Fashion

The modest baseball shirt is still perfect for summer style


When you were a kid, you had all these ideas about what your adult life would be like. Several different levels of rationality: getting married, being a firefighter, having too many dogs. Others are a bit fancier, like, “I’ll have cereal for dinner whenever I want.” Once, after my grandmother told me I couldn’t wear a baseball jersey to a family event, I told her that, when I grew up, I would wear a baseball jersey all the time. And while that’s not a factual statement, as an adult I still find them to be basically perfect, whether you care about the game or not — and for all the reasons I want to. wore them as a teenager.

I don’t watch baseball as much as I do today. I might watch a live Cubs or Mets game from time to time, or oversleep with a random one on a lazy weekend afternoon. But at this point, I’ve got no less than 15 shirts in my rotation. They remind me of the joy the game gave me as a child — and baseball, of course, comes from enjoying yourself during the hotter months of the year. Peanuts, Cracker Jack, dog days, adorable losers, Bad News Bears, and all that, but also standout jerseys. They were created with the idea that the players would get them dirty while playing, but then the next day they would go out for another game and they would come back in pristine new uniforms. Hardly dressed, but it reminds you that soccer players often wear clothes to work.

However, it took me a while to get there. Not long ago, I watched Spike Lee’s do the right thing, and I can’t help but think about what Lee’s Mookie, in his Jackie Robinson No 42 jersey, looks like. So I started doing a little research to find one, before deciding on the Sandy Koufax Dodgers jersey. And even though three-time winner Cy Young (celebrity are not throw the first game of the 1965 World Series because it fell on Yom Kippur) spent most of his career with the Dodgers after they moved to LA, when I got dressed, every few blocks in Brooklyn someone blocked me from talking me about the jerseys, Koufax, Dodgers, or New York region they played in “the day before”.

That experience, more than anything, led me to the baseball jersey. They inspire something unique. You may wear a basketball jersey or a soccer jersey and people may start talking to you, but there’s something about baseball that brings hard deaths. There’s also the fact that, in the summer, baseball jerseys are fun to wear. You can do a lot with them. Again, I’m looking to Spike Lee for inspiration, specifically the scene in Mo ‘Better Blues where Denzel Washington hangs out with his father, played by Dick Allen Williams. Denzel wears an old New York Giants jersey with a matching hat, his dad wears one Pittsburgh Crawfords Shirts that I must believe were not easy to obtain in 1990 (as the Negro Leagues only operated between 1933 and 1940). It shows a bit of an obsession that people who buy and wear baseball jerseys often have, but also a neat variation on how to wear it. Both Washington and Williams wore long-sleeved shirts underneath and paired them with jeans. Similarly, if you are one of those people who have a habit of watching Playground for children every year or so, you’ll know that Benny “The Jet” Rodriguez has some great fights throughout the movie, like old Levis cuffed on his ankles to show off his black PF Flyers. But my personal favorite is the oversized, no team 30 jersey, worn oversized with a shirt with green ¾ sleeve trim underneath it. I have this 1960s Cuban Cienfuegos Elefantes jersey that some guy sold on my back. It was a little too big for me, but I picked it up and started wearing it like The Jet, usually with a pair of chinos or even a couple of sweatpants as I ran to the farmers market.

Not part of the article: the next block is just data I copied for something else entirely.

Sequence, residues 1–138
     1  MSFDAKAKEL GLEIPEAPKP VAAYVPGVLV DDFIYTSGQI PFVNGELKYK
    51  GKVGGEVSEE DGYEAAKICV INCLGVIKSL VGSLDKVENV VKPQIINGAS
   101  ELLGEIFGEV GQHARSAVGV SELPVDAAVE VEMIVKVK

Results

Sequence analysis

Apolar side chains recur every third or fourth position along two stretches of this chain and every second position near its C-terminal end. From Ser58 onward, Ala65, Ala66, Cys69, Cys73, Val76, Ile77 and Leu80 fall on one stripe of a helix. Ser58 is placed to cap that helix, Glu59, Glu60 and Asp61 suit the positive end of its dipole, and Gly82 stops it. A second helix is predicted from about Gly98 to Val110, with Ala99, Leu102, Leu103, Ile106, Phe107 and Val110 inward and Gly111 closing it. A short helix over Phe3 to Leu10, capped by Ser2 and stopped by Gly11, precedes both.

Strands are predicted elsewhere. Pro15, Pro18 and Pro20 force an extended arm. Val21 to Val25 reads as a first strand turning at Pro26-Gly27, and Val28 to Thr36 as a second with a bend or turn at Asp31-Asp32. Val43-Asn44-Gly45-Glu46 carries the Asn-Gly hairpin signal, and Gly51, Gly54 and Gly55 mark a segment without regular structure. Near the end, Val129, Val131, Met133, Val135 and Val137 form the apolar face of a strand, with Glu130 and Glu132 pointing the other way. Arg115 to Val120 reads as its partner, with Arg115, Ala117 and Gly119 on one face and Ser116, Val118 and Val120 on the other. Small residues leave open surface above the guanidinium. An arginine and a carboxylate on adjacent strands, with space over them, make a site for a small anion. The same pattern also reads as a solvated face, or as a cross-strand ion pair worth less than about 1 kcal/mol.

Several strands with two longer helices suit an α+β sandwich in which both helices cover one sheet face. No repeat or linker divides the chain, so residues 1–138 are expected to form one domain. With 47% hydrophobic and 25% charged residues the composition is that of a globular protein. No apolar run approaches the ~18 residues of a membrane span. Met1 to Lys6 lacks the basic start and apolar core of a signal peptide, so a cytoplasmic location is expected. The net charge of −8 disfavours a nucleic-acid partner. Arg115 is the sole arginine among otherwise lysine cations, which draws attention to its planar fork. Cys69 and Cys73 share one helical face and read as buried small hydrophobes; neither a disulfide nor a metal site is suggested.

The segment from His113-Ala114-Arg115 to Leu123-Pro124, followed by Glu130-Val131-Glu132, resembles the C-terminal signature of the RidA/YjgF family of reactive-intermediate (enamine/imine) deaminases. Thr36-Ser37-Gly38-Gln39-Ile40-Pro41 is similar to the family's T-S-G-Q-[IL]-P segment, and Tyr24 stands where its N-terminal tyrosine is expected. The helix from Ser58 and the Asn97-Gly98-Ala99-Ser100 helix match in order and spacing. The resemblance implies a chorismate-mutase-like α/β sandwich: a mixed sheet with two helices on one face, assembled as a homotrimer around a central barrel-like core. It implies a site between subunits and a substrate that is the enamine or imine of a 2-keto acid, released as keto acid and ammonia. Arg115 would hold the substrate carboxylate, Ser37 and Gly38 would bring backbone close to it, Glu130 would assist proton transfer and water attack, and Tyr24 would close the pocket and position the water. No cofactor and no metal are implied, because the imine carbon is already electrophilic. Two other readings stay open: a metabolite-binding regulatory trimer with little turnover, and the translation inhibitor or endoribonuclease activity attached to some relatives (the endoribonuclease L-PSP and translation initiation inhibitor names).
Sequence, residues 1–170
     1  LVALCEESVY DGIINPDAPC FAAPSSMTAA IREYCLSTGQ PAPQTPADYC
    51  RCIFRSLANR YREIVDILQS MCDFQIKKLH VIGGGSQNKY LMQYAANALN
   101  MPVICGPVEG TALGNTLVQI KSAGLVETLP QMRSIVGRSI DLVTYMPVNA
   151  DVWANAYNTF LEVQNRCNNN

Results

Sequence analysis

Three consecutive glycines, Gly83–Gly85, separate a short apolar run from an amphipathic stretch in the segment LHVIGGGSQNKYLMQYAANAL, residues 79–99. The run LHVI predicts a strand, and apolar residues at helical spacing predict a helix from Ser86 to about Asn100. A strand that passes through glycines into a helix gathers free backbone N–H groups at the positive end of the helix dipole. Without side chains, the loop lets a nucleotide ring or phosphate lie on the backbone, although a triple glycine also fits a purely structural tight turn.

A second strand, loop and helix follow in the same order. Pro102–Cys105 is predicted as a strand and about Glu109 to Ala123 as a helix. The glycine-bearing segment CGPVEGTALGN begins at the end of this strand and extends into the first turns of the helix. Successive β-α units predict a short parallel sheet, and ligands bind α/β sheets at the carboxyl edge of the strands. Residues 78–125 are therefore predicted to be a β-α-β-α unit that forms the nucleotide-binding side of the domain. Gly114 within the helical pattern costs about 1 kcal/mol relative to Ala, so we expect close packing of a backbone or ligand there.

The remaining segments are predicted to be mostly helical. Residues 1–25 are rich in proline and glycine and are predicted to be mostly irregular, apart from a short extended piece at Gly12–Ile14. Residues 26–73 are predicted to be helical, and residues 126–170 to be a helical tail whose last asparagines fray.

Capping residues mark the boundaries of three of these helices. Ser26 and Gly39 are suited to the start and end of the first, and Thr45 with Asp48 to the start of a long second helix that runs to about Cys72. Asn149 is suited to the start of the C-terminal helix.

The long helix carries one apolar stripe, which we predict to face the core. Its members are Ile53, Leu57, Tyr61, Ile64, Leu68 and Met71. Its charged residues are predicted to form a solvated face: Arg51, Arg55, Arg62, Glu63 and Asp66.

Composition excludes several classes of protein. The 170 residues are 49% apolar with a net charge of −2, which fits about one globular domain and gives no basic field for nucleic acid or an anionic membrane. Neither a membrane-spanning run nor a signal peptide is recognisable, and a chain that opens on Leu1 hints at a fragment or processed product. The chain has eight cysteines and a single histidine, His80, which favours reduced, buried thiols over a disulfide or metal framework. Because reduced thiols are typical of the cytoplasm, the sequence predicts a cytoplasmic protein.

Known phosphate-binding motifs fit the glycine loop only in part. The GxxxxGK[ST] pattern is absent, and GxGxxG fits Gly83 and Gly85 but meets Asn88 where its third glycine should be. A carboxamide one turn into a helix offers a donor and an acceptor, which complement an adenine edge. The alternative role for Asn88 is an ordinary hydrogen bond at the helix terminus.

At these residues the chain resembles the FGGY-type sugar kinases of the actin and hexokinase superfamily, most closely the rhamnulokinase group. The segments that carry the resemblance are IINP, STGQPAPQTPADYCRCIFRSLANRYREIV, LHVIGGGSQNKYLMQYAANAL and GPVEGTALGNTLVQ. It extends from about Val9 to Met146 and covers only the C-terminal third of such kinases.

But the thing that goes best with a baseball shirt is a pair of shorts. You want comfort and fun; a pair of mesh shorts from Rowing Blazers or a pair in boxy linen from Stüssy usually works fine. But really the perfect shorts to pair with a baseball shirt are the trusty Patagonia Baggies. Ken Griffey Jr’s jersey. at my late ’90s Seattle Mariners matched my green Baggies. The Yomiuri (Tokyo) Giants jersey in gray with orange lining around the numbers and logos is fun to wear with the difficult to match Tigerlilly Orange Baggs. Oakland A’s green and yellow training shirt in mesh, buttonless, with Reggie Jackson’s name and number on the back looks pretty good with the black Baggies. I can’t think of much more to say about Chill Guy than a pair of shorts and a baseball shirt. In fact, the trick is just to match it properly so you don’t look also chilled.

The most beautiful thing about summer baseball jerseys is the way it connects us to the past. A while back, I wore the Roberto Clemente Pittsburgh Pirates jersey that Mitchell and Ness wore a few years ago. An elderly man struck up a conversation with me, telling me Clemente was his favorite ballplayer, even though he was born in upper Manhattan (near the Polo Grounds) to a father rooted in Giants and transferred his allegiance to the Yankees when the group moved to San Francisco. He told me about how he met Willie Mays a few times when he was a kid, and how the star used to hang out with the kids who lived in his neighborhood. I’ve always liked Mays, always fascinated by the legend of the Hall of Fame. And because of that conversation, I pulled out a bunch of Say-Hey Kid highlights I could find on YouTube, then went on to add his jerseys to my growing collection. .



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